As Norway is a member of the European Free Trade Association (EFTA), the EFTA Surveillance Authority (ESA) has assessed and approved the three state aid agreements between the state and the industrial partners in Longship.35
As CCS was not commercially viable it was necessary to provide state aid to the industrial partners.
The high proportion of state aid makes it necessary for the state to follow up the projects to prevent undue distortive effects on competition and trade etc.
As the projects in Longship are first-of-a-kind, the project uncertainties are higher than would normally be encountered in well-rehearsed projects. The industrial partners therefore required cost sharing up to an agreed maximum level (related both to capital expenditure and operating expenses).
Northern Lights has identified a business case for the transport and storage of CO2: the state aid agreement gives Northern Lights incentives to enter into dialogue with potential customers across Northern Europe. Northern Lights’ potential future profits will be based on the tariff paid by potential new customers.
There are elements in the regulations that have been challenging for the industrial partners, such as lacking incentives for capture and storage of CO2 from biogenic sources. These are addressed through the state aid agreements.
The extensive share of state aid means that the industrial partners must comply with the comprehensive procurement procedures set out in the Act on Public Procurement. For some of the industrial partners this created a need to acquire new skills.
For the CCS chain, two main risk areas can be pinpointed: The risks associated with handling large volumes of CO2 and the risks associated with emissions from amines used in the capture process. For Norcem, new process emissions to water (Norcem has no emissions to water today) also needed to be handled. Different governmental agencies have the regulatory responsibility for different parts of the CCS chain.
All industrial activity is subject to the legislation on safeguarding, pollution control and building construction (among others). The permit regimes and processes are generally well known in the industry.
For Longship, the following Norwegian laws and regulations are the most relevant: the Pollution Control Act24, the Regulations on handling hazardous substances25, Regulations on major accident hazards36, the CO2 Safety Regulations26 and the Planning and Building Act27.
Celsio and Norcem needed a consent from the Directorate for Civil Protection, the Labour Inspection Authority and the County Governor/Norwegian Environmental Agency. They also needed a building permit, a framework permit and an activity permit from the municipality. They have applied to Norwegian Environmental Agency for a permit under the Pollution Control Act24 and they need to apply for or update the ETS/quota permit.
Celsio holds a licence for the heating plants, boilers, and main pipeline networks to the outer geographical boundary. The expansion and conversion of the facilities requires a new licence. “Expansion and conversion” are defined as construction beyond the specifications given in the existing license. An impact assessment was also needed.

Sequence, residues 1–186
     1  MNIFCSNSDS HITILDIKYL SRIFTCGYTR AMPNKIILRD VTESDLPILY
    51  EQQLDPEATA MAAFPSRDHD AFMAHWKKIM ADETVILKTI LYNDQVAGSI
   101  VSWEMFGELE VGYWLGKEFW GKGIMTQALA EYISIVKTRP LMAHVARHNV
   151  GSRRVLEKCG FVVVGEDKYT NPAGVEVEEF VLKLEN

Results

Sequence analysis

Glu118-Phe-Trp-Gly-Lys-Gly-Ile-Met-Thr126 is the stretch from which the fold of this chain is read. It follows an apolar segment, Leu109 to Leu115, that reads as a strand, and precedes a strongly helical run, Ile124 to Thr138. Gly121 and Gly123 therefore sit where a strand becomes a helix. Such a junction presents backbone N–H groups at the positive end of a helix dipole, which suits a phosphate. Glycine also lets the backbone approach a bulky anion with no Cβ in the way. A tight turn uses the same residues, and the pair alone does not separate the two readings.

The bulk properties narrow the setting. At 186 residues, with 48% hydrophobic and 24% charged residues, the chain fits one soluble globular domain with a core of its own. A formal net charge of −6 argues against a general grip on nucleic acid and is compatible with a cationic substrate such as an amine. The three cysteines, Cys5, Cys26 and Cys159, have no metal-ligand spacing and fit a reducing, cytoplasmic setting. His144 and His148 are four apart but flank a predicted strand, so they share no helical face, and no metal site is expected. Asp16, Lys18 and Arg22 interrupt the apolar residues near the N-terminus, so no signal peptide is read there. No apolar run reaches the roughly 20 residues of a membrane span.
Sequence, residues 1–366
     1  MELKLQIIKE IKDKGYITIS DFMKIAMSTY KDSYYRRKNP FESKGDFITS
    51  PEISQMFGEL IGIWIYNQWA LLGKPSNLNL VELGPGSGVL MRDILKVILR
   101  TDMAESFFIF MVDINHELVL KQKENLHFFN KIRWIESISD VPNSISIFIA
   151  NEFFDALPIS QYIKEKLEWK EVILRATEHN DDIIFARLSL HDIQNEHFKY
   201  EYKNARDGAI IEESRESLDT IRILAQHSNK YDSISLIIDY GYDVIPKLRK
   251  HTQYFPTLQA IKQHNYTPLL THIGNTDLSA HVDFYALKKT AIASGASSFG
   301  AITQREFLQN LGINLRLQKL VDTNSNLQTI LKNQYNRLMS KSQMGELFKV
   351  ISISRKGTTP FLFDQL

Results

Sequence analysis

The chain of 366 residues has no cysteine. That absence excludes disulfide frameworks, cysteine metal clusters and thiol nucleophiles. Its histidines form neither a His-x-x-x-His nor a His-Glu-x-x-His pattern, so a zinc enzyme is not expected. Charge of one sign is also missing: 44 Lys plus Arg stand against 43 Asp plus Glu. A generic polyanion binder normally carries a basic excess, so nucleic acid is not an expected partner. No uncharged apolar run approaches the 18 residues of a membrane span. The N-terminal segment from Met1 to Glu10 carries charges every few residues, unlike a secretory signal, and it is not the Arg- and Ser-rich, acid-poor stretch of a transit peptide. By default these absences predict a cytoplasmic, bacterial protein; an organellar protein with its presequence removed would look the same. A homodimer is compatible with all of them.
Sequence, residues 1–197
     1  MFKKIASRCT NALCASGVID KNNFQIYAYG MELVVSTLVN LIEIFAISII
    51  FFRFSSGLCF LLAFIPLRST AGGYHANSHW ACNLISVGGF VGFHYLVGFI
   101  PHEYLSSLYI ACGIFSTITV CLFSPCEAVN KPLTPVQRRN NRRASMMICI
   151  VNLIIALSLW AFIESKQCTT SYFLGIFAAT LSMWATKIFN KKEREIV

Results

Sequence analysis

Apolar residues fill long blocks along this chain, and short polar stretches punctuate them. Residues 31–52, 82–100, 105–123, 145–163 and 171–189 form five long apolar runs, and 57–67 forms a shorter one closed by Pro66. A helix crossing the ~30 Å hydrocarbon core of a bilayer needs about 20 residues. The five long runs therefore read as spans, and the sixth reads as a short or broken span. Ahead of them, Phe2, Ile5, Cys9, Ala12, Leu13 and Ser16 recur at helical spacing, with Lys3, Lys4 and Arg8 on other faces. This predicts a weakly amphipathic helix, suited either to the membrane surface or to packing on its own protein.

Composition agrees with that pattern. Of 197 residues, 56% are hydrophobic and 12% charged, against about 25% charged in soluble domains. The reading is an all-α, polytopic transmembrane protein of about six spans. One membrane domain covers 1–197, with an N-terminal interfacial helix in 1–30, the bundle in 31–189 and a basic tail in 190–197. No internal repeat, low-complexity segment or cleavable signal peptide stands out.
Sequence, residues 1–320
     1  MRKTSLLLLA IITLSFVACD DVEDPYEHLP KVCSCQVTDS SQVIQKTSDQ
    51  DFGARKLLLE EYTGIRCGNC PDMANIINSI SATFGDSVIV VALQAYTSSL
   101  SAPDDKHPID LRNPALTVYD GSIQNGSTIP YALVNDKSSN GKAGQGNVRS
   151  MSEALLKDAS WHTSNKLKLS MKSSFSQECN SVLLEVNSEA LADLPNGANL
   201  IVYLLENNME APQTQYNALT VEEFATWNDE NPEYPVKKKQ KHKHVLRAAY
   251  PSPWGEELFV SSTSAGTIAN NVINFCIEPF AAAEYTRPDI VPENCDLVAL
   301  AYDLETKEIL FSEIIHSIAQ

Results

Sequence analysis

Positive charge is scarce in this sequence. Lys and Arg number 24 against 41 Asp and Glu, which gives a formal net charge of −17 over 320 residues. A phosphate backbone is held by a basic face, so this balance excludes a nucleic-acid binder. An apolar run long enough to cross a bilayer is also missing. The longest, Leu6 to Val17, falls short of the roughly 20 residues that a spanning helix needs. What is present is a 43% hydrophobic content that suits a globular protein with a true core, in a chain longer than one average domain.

Norcem, Celsio and Northern Lights have all conducted Environmental Impact Assessments (EIA). An EIA37 was not required for Norcem’s CO2 capture project, but Norcem wished to be transparent about its project with the authorities and their local community.
In order to establish a carbon capture and storage plant, Celsio needed a new zoning plan according to the Planning and Building Act27. As a part of this, an EIA38 was required.
For Northern Lights the EIA39 was required under the several regulations, among others: the Storage Regulations21, the Planning and Building Act27, and the Pollution Control Act24.
CO2 differs from hydrocarbons in many ways, and it is important to note that it does not ignite like hydrocarbons. There is therefore no risk of explosion due to ignition. CO2 is not harmful to living organisms in low concentrations. HSE risks are linked to overpressure and leakage of large volumes. Leakage of large volumes with high concentrations of CO2 is harmful to most living organisms, humans included, and should be avoided or, in the worst case, mitigated without delay.
The Norwegian Directorate for Civil Protection regulates facilities handling of hazardous substances, including pressurised CO2, and has provided necessary consents to the industrial partners in the Longship project. The Petroleum Safety Authority has the regulatory responsibility for safety, the working environment, emergency preparedness and security in the petroleum sector. The Petroleum Safety Authority has developed new regulations on safety and working environment for transport and injection of CO2 on the continental shelf (the CO2 Safety Regulations26).
During the planning of the transport and storage infrastructure it became apparent that it was not clear where the responsibility of the Directorate for Civil Protection stopped and that of the Petroleum Safety Authority started. With regard to intermediate storage of CO2 onshore before transport in a pipeline for permanent storage in a reservoir under the seabed, the Directorate for Civil Protection and the Petroleum Safety Authority have generally agreed on the following: